For this application, no more than 0.1 degree of tilt / rotation is acceptable, as this offset will be noticeable to the human eye as crooked.
Figures: Dimensioned drawings of the KC vertical, Creating the grooves for the ball connectors and the underlying sketches for the part, Solid model of a vertical kinematic coupling, and final constructed vertical kinematic coupling.
Kinematic Coupling Analysis and Predicted Performance
Unfortunately, the kinematic coupling spreadsheet is optimized for a 3 ball 3 groove horizontal kinematic coupling. I filled out the excel sheet with the relevant data for this vertical coupling to practice and understand the spreadsheet, the analysis is shown below.
The most important degree of motion to accurately constrain for this application is the rotational motion about the center of the coupling triangle. Rotational motion would lead to an offset from parallel of the top of the coupling, which would indicate a tilt in the artwork attached to the coupling. Thus, this was the primary degree of motion tested for error.
The test setup sought to minimize errors by securing the bottom of the coupling to a heavy table in the shop and hot gluing the laser pointer to the ball side of the coupling to make sure there was so slop from the tape shifting during testing. The distance of the laser pointer was 12.5 meters (1249 cm). Ten trials were completed, in which the ball side of the coupling was fully removed and then replaced on the groove side and the laser pointer center was measured. The laser pointer made a large mark on the paper regardless of distance. To maintain consistency of measurement across the trials two crossed lines were drawn on the laser ellipse on the paper, and the center point of these two lines was considered the measurement point. A 1 lb. weight was attached to the front of the ball side of the coupling to emulate the moment created by the weight of a piece of artwork hanging from the coupling.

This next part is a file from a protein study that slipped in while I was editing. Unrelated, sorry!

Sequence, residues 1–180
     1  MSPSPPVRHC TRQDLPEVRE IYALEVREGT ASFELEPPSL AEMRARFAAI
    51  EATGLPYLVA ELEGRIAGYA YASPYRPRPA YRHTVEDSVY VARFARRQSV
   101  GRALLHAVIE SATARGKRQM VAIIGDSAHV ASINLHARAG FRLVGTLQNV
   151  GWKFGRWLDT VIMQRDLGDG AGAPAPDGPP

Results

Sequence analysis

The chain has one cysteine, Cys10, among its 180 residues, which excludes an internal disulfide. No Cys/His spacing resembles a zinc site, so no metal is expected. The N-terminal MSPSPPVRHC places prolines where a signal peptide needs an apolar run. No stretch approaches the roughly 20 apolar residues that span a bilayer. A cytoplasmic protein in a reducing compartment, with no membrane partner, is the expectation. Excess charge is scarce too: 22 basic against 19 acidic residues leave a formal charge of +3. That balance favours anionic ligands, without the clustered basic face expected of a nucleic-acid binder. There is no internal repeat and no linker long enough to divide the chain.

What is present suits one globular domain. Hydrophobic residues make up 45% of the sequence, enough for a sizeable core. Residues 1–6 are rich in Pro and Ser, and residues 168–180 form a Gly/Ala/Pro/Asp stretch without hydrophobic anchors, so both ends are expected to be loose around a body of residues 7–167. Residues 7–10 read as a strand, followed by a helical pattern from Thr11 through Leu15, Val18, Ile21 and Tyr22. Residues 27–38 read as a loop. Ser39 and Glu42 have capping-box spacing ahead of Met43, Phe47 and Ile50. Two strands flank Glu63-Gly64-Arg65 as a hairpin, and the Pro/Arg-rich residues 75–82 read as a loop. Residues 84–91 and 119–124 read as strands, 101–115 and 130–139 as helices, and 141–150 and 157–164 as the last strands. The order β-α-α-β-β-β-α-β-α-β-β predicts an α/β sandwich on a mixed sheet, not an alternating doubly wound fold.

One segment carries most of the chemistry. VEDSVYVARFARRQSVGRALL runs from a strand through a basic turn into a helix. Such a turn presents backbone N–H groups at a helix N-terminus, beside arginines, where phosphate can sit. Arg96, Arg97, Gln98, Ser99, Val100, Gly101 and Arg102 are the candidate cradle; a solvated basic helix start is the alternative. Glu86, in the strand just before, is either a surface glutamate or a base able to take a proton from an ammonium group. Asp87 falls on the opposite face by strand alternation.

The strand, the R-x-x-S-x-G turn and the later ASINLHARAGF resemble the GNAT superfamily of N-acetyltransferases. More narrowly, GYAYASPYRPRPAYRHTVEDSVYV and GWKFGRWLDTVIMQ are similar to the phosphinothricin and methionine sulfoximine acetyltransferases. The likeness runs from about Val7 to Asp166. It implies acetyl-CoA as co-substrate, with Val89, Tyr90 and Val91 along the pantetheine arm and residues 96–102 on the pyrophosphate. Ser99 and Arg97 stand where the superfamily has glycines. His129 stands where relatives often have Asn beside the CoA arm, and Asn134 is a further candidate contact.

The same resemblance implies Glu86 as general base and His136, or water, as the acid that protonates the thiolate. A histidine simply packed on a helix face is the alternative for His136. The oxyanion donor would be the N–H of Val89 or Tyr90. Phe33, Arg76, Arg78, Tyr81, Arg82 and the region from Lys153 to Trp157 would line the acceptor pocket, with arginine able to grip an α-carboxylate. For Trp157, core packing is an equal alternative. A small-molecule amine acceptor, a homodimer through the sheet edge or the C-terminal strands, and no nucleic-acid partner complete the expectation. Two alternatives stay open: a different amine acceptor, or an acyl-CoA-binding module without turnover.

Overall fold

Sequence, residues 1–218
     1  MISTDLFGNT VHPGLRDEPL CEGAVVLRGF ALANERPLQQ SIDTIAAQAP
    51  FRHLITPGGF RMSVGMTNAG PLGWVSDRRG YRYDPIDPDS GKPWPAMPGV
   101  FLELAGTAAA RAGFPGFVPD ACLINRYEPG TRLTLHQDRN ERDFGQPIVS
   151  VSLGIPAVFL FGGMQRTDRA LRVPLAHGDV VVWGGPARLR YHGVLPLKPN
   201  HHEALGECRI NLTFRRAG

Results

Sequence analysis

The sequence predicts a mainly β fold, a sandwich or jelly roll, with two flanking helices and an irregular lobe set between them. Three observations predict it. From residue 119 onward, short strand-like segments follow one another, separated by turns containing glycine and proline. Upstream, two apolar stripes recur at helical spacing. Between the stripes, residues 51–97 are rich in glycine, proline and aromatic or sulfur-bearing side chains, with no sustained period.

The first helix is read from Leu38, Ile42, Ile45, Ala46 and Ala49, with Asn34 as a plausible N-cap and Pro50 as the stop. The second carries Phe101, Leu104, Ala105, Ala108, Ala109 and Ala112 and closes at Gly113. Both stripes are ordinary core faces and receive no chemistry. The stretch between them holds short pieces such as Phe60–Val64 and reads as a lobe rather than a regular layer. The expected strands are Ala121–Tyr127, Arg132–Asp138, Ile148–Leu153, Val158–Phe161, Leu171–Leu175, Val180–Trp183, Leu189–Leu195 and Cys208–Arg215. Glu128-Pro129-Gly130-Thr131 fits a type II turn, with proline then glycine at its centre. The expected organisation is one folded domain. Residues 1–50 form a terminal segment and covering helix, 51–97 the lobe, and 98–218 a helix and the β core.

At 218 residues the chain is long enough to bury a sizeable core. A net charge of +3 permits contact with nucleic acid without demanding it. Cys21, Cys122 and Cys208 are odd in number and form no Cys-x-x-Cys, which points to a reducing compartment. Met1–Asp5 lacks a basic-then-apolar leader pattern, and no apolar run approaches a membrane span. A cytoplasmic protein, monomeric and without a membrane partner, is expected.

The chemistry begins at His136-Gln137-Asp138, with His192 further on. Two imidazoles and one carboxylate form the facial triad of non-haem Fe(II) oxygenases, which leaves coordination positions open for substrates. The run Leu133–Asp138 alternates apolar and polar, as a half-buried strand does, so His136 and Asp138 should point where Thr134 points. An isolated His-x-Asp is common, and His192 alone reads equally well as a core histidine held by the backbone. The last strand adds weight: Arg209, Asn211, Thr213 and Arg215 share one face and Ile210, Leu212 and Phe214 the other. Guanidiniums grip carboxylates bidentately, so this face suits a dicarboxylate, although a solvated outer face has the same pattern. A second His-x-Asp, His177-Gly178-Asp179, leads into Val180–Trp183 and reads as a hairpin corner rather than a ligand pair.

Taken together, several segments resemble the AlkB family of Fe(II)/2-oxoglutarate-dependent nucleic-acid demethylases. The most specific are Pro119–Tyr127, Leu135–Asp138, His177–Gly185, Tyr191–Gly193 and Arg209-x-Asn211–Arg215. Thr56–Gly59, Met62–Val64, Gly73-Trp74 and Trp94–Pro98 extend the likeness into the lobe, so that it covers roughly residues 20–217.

Shown below is a table, graph and image of the results of testing. The first data point shown in gray in the table was not included in the calculations, because the ball was not fully placed within the groove on the back of the coupling, but the point is included in the data to demonstrate the error of misalignment compared to alignment of all the grooves.
Figure 6: Plotted measurements from laser test
The key questions underlying the theory of this exercise are: Does the coupling deform less than the maximum acceptable amount under the range of loads it will be subjected to, and is it still constrained in the way you want it to be when subjected to load?
Stated in the proposal, the maximum amount of angular error acceptable is 0.1 degrees in the x-y plane. The measured maximum angular error in the y-direction was 0.000411 degrees, significantly less than the acceptable range. This was measured with a load of 1 lb. Future measurements could be conducted with heavier loads to simulate different sized pieces of artwork.
Would this coupling work for “The Marriage Feast at Cana” a huge piece of artwork? There are two reasons why this exact coupling wouldn’t work: the material and fabrication would not hold the weight and this kinematic coupling is too small to resist the large moments from a sizable painting. A much larger coupling or series of couplings could be designed specifically for the largest pieces.
The proposed design of this kinematic coupling initially mentioned that the vertical coupling could be modified to integrate both the hanging and alignment mechanisms, eliminating the need for hook installation - this would be an added bonus to the design. The final coupling presented does integrate these two functionalities by using the principle of reciprocity, placing the top center groove on the back of the main plate to provide a force resisting the moment of the picture frame hanging on the mount.